Gold prices steadied on Friday, but remained below the week’s three-month highs as the dollar pared back some of the gains made in the wake of U.S. President Donald Trump’s promise of a major tax announcement.
Gold for February delivery settled down 0.15% at $1,235.0 on the Comex division of the New York Mercantile Exchange. The precious metal was still 1.3% higher for the week.
On Wednesday, gold reached its highest level since mid-November at $1,243.9.
The U.S. dollar index, which measures the greenback’s strength against a trade-weighted basket of six major currencies, was at 100.71 not far from the eleven-day highs of 101.02 set earlier Friday.
The index ended the week with gains of 0.95%, the largest weekly percentage gain since mid-December after remarks from Trump indicted that his administration would soon reform tax policy.
Trump said Thursday he would be announcing something over the next two or three weeks that would be “phenomenal” in terms of tax.
A strong dollar is typically bearish for gold, which is denominated in dollars and struggles to compete with yield-bearing assets when borrowing costs rise.
Elsewhere in precious metals trading, silver was at $17.95 a troy ounce late Friday, and ended the week with gains of 2.69%.
Platinum was down 0.77% at $1,014.3 late Friday.
In the week ahead, the U.S., the UK and China are to release what will be closely watched data on inflation. Meanwhile, Federal Reserve Chair Janet Yellen is due to testify to Congress for the first time since Donald Trump entered the White House.
Ahead of the coming week, Investing.com has compiled a list of these and other significant events likely to affect the markets:
Monday, February 13
Japan is to publish preliminary data on fourth quarter economic growth.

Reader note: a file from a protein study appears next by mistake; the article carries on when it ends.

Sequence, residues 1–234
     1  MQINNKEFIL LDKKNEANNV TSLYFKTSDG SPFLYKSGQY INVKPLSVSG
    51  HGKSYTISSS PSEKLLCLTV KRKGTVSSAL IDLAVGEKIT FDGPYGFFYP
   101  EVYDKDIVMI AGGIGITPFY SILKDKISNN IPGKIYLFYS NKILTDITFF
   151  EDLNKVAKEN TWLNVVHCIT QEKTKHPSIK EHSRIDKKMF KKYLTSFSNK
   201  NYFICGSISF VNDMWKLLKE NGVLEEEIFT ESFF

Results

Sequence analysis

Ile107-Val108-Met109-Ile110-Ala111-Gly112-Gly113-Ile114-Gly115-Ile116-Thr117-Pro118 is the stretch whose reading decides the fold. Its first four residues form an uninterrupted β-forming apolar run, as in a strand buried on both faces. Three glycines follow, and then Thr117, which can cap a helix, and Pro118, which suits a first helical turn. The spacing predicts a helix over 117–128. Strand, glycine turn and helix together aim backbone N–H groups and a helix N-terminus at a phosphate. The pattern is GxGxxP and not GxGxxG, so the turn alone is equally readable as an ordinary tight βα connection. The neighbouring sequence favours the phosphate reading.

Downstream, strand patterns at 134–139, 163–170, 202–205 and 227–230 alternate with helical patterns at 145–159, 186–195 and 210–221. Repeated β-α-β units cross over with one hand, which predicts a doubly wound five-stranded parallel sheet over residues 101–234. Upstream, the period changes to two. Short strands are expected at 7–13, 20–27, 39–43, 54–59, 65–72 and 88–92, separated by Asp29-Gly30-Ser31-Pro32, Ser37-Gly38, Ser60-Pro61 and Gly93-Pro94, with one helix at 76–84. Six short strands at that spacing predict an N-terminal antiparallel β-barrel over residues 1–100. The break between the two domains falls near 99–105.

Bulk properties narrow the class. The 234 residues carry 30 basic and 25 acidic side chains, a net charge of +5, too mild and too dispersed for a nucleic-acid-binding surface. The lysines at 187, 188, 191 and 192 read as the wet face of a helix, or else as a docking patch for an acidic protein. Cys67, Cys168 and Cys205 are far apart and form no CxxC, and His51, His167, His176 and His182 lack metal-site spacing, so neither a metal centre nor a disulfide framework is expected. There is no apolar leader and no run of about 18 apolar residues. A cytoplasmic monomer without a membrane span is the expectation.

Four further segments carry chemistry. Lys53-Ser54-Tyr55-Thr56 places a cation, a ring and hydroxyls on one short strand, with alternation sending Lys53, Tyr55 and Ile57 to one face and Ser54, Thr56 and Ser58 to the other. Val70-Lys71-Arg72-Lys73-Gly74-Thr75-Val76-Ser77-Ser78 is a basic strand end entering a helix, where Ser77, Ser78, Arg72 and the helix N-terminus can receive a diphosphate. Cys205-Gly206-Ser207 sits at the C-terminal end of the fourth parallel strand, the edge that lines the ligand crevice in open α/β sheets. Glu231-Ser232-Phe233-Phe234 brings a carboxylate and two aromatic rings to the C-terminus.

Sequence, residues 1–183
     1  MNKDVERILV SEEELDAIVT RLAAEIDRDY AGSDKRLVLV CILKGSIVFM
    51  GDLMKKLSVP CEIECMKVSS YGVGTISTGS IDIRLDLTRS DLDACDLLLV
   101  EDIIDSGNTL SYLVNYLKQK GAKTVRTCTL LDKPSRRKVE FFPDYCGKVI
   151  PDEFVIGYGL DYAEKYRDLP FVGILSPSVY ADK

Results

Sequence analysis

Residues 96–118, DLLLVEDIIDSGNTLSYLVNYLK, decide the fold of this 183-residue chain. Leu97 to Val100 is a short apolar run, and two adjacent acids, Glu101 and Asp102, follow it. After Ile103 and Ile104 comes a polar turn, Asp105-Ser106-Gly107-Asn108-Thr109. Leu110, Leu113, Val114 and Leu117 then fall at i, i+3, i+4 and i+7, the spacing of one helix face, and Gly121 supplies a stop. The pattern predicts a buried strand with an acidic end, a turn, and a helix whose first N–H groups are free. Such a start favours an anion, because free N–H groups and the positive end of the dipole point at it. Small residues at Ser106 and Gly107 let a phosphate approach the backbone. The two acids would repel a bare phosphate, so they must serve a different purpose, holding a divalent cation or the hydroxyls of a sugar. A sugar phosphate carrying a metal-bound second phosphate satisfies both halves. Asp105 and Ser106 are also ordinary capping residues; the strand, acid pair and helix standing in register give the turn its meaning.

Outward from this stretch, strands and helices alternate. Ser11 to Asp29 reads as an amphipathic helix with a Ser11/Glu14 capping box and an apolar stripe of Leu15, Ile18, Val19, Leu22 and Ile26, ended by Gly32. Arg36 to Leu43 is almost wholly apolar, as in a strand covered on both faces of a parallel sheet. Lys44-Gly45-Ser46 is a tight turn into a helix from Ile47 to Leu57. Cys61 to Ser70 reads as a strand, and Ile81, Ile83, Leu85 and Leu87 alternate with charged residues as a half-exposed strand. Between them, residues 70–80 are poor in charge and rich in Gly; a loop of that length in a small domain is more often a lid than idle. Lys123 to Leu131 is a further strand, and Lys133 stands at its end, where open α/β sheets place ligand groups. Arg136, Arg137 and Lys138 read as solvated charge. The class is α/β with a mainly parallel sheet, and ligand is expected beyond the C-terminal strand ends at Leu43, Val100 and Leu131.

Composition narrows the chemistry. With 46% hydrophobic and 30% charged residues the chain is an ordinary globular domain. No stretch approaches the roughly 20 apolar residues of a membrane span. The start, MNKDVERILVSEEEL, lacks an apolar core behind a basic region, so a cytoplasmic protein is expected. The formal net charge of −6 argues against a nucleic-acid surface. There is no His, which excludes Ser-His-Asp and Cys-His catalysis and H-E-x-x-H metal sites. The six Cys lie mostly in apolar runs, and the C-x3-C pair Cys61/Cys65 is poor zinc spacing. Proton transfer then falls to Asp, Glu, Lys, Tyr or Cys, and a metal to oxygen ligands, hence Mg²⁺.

Tuesday, February 14
China is to release data on consumer and producer price inflation.
Germany is to put out a preliminary estimate of fourth quarter growth, while the euro zone is to release a revised estimate of fourth quarter growth.
The ZEW Institute is to report on German economic sentiment.
The U.K. is to publish data on consumer price inflation.
The U.S. is to release data on producer price inflation.
Fed Chair Janet Yellen is due to appear before the Senate Banking Committee, in Washington to testify on the bank’s latest monetary policy report.
Separately, Dallas Fed President Robert Kaplan is to speak at an event in Houston.
Wednesday, February 15
The U.K. is to publish its latest employment report.
The U.S. is to release a raft of economic data, including reports on inflation, retail sales, industrial production and manufacturing activity in the New York region.
Fed Chair Janet Yellen is due to testify on the bank’s latest monetary policy report to the House Banking Committee, in Washington.
Thursday, February 16
Australia is to publish its latest jobs report.
The European Central Bank is to publish the minutes of its latest meeting.
The U.S. is to publish reports on building permits, housing starts, jobless claims and manufacturing activity in the Philadelphia region.
Friday, February 17
New Zealand is to publish a report on retail sales.
The U.K. is also to report on retail sales.
Canada is to round up the week with figures on foreign securities purchases.